South Africa holds ‘Mandela is Dead’ exhibition
A decade on from the death of Nelson Mandela, an anniversary exhibition entitled "Mandela is Dead" was opened on Friday in Johannesburg by the Mandela Foundation.
the world, Nelson Mandela remains an icon, famed for his destruction of South
Africa's apartheid system in the 1990s.
some South Africans are questioning his legacy and whether it is time to move
on from nostalgia.
To respond to this question and the differing views on the
leader's legacy, the Mandela Foundation's exhibition invites South
Africans to express their thoughts through interactive displays.
Any country with such a strong figure suffers for many years
after the personality is gone from the "deep nostalgia and this hanging on
to that symbol," said Verne Harris, the late president's archivist and
acting president of the Mandela Foundation.
"What we are saying in this exhibition, is that maybe that
becomes a destructive energy. Maybe we need to let him go. And look for new
The exhibition highlights "the weight of the loss we
suffered" with Mandela's death.
"We encourage discourse," said Foundation spokesman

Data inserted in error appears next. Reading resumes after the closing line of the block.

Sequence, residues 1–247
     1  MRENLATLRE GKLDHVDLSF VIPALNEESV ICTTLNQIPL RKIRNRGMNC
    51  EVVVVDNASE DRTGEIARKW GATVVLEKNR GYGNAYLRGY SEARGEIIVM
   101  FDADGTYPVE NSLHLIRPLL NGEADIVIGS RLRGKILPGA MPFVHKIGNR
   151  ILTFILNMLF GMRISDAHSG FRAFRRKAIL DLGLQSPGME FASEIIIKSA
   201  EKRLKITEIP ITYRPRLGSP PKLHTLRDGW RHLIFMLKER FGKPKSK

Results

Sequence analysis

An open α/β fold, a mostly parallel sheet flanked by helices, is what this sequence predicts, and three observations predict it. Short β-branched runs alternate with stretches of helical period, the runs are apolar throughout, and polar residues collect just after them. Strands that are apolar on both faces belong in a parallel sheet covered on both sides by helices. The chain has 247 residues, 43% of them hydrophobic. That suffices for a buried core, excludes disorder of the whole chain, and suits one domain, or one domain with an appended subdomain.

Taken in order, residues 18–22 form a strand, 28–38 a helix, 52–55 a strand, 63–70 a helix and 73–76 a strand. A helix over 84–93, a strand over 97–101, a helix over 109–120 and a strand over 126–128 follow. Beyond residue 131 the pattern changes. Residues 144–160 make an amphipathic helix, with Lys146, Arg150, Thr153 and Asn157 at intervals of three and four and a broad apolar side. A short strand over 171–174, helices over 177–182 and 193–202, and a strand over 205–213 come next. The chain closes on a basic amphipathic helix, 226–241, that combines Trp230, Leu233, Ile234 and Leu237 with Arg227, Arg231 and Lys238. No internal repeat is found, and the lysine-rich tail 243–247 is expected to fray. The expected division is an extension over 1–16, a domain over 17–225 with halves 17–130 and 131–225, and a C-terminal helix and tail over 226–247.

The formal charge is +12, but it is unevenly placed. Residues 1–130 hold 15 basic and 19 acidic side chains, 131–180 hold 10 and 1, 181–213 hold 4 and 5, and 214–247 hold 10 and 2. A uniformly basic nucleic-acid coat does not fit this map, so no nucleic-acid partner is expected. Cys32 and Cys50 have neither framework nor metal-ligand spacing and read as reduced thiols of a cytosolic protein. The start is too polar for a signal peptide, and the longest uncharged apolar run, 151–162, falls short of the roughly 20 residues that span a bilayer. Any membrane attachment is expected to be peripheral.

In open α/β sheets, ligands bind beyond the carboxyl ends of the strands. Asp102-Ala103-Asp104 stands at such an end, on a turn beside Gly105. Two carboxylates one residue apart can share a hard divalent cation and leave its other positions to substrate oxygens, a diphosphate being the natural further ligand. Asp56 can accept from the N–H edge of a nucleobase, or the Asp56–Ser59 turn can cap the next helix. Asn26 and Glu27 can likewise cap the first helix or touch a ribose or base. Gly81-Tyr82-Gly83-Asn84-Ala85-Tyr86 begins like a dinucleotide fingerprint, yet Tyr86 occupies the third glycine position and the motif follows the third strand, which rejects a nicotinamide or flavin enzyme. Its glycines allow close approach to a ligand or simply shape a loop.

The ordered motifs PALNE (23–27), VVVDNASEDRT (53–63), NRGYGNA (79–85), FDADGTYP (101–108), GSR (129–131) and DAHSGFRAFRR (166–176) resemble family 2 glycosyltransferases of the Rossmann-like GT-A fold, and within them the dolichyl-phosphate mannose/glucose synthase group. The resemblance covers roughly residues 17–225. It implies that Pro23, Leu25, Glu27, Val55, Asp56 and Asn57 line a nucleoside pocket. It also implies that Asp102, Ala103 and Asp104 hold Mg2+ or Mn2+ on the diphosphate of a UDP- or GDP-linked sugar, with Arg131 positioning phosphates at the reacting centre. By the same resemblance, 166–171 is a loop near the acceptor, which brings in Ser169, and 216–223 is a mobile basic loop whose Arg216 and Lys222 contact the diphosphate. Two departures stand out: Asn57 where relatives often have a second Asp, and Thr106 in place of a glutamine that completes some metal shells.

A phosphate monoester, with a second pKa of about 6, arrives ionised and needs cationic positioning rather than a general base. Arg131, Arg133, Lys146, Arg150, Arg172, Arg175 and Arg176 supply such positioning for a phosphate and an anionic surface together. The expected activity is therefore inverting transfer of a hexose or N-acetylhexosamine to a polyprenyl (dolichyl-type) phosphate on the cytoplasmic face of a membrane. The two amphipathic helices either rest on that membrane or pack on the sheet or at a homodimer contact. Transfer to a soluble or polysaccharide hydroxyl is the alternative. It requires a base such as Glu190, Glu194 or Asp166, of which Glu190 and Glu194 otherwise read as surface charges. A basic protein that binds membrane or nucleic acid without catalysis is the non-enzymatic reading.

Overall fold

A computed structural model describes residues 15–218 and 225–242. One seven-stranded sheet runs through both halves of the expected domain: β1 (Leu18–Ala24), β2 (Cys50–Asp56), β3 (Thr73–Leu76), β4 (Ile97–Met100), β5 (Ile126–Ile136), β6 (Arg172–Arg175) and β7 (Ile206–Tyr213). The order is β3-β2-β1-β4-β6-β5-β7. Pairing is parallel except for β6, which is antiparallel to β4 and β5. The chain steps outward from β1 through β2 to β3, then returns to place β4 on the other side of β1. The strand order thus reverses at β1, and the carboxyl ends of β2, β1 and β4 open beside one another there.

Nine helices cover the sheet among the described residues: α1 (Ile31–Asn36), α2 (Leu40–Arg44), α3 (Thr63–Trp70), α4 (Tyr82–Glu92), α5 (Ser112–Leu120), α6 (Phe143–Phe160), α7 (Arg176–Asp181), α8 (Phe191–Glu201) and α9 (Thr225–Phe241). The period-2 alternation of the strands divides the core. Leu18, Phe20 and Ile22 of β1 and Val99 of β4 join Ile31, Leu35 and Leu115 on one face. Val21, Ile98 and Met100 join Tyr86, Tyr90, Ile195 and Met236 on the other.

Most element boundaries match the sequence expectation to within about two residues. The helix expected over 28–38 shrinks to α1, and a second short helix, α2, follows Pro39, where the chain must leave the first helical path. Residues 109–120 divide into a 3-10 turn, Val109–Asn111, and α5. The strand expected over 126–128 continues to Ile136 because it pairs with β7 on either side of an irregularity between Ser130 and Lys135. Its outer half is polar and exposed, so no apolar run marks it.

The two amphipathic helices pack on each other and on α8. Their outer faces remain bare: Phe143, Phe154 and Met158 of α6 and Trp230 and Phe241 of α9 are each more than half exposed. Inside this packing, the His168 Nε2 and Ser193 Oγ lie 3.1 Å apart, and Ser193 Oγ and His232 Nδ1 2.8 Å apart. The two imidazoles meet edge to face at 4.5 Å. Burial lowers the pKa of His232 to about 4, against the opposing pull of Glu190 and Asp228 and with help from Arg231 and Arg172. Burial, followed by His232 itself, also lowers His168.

Morongwa Phukubye. "We debate his legacy. His legacy isn't one of a
Message boards were put up at two universities for comments.
Some of the responses are startling and highlight divisions over Mandela's
Left-wing parties and many youths say the late leader should
have done more to dismantle the effects of apartheid's nearly five decades of institutionalized
discrimination by the white minority that tore apart society.
"His legacy has done nothing but keep the poor poor and the
rich rich, freedom is not free," said one, written at a university in
Braamfontein in Johannesburg.
"If everybody doesn't strive to bring the dream of a truly
free and progressive South Africa to life, then that dream dies with
Mandela," added another.
"So many of his dreams remain unfulfilled by his
comrades," said a third.
Harris said foundation representatives who go to South African
townships and schools pick up varied reactions.
"We encounter narratives like 'Mandela was a sellout and
that's why we're in so much trouble today'," said Harris. Or, it can
be ‘Madiba was a great leader and it's a pity that his successors have been so
As the country approaches its 30-year anniversary of the end of
apartheid, Harris says most important lesson he learned from Mandela is
that "hope is not enough."
"We need a deep belief that even if the future is worse
than the present we still have to keep fighting, keep doing what needs to be
done. So you endure. That keeps me going a lot."